You Got A Right To Sing The Blues
As a life coach, I’ve been privileged to hear the life stories of a lot of people, and I can tell you, without hesitation, the truism rings true. Into every life, a little rain must fall.
Has it rained harder on some of us than others? Yes, indeed, but nobody totally escapes the slings and arrows of outrageous fortune. Everyone endures his or her fair share of hard knocks.
Billie Holiday sang a song about it … I’ve got a right to sing the blues.
As I was listening to that song recently, I thought to myself, yeah, we all have a right to sing the blues.
I get it. You’ve been hurt, disappointed, mistreated, even abused, and you damn well want to tell the world about it.
But, as a life coach dedicated to helping people live joyful, fulfilled lives, my advice is simple. If you want to be happy, don’t exercise that right!
Blow off some steam? Sure. That’s different.
Just don’t grind away your days complaining about the lousy cards you were dealt.
Don’t think about it. Don’t talk about it, and don’t make it the “hook” to the song of your life. You know, like … If it wasn’t for bad luck, I wouldn’t have no luck at all.”
Instead, do your best to master the art of letting go and moving on.
Learn to live. Learn to love. Learn to let go.
Don’t spend any of your precious time learning to sing the blues.
Here’s the thing. Happy isn’t the result of lady luck smiling on you … of everything falling nicely into place.
That fact was never more clearly illustrated to me than during our time in Mexico this July.
I coach during the morning and evening hours when I’m there and often head to the beach during the middle of the day.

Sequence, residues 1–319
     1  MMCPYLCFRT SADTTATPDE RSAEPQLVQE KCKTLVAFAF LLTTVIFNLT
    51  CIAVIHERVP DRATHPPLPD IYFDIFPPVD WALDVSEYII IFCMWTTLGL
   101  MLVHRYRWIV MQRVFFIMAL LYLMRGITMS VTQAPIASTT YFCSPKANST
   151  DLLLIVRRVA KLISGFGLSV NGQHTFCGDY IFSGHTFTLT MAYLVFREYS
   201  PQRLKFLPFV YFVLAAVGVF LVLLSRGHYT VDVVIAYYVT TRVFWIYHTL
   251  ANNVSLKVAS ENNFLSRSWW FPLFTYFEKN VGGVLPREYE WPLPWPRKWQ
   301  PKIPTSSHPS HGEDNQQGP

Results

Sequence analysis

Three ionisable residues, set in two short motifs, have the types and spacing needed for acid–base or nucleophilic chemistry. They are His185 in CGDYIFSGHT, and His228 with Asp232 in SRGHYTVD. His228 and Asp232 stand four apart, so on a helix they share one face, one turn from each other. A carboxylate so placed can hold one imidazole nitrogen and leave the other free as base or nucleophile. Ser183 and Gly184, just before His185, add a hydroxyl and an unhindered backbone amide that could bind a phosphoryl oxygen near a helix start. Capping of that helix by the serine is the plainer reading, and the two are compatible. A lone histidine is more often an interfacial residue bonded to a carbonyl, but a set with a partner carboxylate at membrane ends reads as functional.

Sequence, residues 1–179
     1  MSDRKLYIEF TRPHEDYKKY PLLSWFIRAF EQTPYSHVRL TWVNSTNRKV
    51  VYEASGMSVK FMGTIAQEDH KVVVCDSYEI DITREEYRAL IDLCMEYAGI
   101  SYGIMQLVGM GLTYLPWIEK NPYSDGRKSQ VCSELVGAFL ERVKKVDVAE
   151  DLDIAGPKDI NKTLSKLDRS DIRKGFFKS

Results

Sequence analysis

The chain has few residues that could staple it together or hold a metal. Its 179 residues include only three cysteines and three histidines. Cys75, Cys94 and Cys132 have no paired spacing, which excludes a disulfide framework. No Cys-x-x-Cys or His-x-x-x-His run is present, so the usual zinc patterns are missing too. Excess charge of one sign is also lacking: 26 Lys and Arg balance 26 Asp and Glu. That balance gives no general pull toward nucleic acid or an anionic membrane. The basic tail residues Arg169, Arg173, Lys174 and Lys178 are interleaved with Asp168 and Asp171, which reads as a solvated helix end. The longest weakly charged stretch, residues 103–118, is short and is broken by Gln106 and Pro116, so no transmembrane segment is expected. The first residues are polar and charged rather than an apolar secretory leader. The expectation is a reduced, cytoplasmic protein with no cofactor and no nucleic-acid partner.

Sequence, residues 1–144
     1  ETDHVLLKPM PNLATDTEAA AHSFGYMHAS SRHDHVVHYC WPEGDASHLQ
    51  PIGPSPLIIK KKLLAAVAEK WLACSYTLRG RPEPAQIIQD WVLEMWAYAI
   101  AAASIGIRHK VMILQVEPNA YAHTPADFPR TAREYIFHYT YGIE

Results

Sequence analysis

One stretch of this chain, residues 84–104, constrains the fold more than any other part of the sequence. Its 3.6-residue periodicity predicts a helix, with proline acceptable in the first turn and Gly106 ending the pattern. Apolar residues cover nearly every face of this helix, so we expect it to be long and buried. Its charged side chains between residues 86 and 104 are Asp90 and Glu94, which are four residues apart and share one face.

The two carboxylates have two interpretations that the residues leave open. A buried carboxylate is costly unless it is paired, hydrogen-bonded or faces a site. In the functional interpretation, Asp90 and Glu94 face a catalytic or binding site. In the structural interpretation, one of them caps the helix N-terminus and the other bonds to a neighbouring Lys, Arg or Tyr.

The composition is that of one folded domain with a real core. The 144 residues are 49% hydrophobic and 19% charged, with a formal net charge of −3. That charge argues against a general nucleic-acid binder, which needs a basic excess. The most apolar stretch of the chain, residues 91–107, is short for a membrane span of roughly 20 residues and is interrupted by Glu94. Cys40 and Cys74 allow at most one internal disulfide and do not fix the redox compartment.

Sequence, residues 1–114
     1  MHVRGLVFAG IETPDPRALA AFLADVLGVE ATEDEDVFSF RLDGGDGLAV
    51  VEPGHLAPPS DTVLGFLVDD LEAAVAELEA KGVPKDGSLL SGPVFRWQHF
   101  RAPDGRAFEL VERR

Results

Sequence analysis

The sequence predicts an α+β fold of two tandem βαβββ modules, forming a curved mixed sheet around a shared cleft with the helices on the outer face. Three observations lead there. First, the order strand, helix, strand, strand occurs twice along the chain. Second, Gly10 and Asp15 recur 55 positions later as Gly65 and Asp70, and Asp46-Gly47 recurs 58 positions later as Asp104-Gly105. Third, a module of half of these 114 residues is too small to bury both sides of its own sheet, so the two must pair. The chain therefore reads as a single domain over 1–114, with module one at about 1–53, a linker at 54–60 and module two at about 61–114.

There’s a woman on staff at the Omni resort on the beach who’s always happy, always smiling.
We smile at each other. She speaks to me in Spanish. I hardly understand a word. I speak to her in English or Spanglish … and sometimes we use our phones to translate.
But we communicate. It’s remarkable how far a smile, hand gestures, and a couple of key words can go.
Anyway, she works hard, cleaning the bathrooms, sweeping around the walkways, raking the beach, stacking lounge chairs, etc. It’s mostly hot, physically demanding work.
She makes something like $6 a DAY… and she ALWAYS has a smile on her face.
Heli and I are friends now. We smile and hug each other and laugh and take pictures. She made me a woven bracelet. So sweet.
On our next to last day there, she shows me pictures of her five kids and where she lives. I feel honored.
It’s hard for many of us with so much material abundance to imagine that someone could be content working so hard for almost nothing. But she has a good life, because she’s chosen to be happy … and those five beautiful kids bring her plenty of joy.
If I ever find myself thinking I’m enduring some hardship, I think of her.
I think of her and I shut up the chatter. I stop singing the blues
I think of her and I smile.
P.S. And if you think the Mexican sun doesn’t turn my hair blonde and wild, think again!
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